Recreational Immunity on Government Land

By:  Ara Jabagchourian

Forum, Vol. 46, Number 4

July/August 2016


Civil Suits against government entities are equivalent to navigating a minefield.  Part of the reason, beyond the requirement that an affirmative duty exist to trigger the Government Claims Act,, are the countless statutory immunities.  Therefore, it should come as no surprise that premise liability claims against government entities are no different.  The focus on this article will be centered around the statutory creation of what is known as “recreational immunity.”


Several different statutes exist that provide immunity to government entities for land that is used for some form of recreation.  One often used and misapplied has been promulgated under California Civil Code 846. Section 846 provides immunity to private landowners related to the issue of premise liability if the land is used for “recreational purposes.”  When enacted back in 1963, the goal of section 846 was to “encourage property owners ‘to allow the general public to recreate free of charge on privately owned property.'”  (Spence v. United States (2009) 629 F.Supp.2d 1068, 1084; quoting Delta Farms Reclamation Dist. v. Superior Court (1983) 33 Cal.3d 699, 707-708.)  The concern at the time was that private landowners were closing off their undeveloped land to the public as a result of a concern of tort liability.  (Hubbard v. Brown (1990) 50 Cal.3d 189, 193.)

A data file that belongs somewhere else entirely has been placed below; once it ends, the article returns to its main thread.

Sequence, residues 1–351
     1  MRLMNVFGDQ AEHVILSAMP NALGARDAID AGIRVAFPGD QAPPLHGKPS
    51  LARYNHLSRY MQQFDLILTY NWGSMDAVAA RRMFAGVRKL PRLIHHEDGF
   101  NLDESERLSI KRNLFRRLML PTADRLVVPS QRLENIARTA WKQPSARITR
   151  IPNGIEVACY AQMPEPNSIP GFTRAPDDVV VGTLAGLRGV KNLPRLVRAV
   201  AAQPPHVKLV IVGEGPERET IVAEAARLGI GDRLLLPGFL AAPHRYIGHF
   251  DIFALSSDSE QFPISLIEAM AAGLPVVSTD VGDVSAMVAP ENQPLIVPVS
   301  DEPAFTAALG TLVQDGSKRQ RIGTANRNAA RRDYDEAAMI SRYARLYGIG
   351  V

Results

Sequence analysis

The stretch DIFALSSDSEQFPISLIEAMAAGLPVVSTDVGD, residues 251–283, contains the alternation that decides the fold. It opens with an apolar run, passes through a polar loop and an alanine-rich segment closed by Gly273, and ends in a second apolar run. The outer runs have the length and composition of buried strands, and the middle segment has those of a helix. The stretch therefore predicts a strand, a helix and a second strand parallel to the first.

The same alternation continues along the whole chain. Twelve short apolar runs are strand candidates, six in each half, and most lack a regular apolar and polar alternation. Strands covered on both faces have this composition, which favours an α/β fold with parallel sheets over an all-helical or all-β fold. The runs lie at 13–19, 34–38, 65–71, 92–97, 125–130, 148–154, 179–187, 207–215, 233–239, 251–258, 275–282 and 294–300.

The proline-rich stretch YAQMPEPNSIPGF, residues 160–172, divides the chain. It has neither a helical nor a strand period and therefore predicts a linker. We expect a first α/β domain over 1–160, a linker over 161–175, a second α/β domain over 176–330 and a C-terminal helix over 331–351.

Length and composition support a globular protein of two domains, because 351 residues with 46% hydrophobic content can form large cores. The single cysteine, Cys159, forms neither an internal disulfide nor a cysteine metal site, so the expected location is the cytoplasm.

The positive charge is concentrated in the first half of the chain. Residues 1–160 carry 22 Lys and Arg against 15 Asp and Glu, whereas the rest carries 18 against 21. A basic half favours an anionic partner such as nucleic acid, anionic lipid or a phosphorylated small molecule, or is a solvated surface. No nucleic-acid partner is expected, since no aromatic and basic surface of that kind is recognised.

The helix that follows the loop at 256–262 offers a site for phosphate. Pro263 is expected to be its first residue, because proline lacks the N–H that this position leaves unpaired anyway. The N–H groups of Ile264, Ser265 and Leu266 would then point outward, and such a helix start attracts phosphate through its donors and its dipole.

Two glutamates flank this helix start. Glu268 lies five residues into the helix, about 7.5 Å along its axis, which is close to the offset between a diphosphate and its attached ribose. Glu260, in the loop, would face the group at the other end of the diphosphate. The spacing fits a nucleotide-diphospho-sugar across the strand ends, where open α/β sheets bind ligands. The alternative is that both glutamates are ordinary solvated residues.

Pursuant to section 846, immunity is applied for activities that are for a “recreational purpose.”  The phrase recreational purpose” has been defined in the statute to include:

“fishing, hunting, camping, water sports, hiking, spelunking, sport parachuting, riding, including animal riding, snowmobiling, and all other types of vehicular riding, rock collecting, sightseeing, picnicking, nature study, nature contacting, recreational gardening, gleaning, hang gliding, private noncommercial aviation activities, winter sports, and viewing or enjoying historical, archaeological, scenic, natural, or scientific sites.”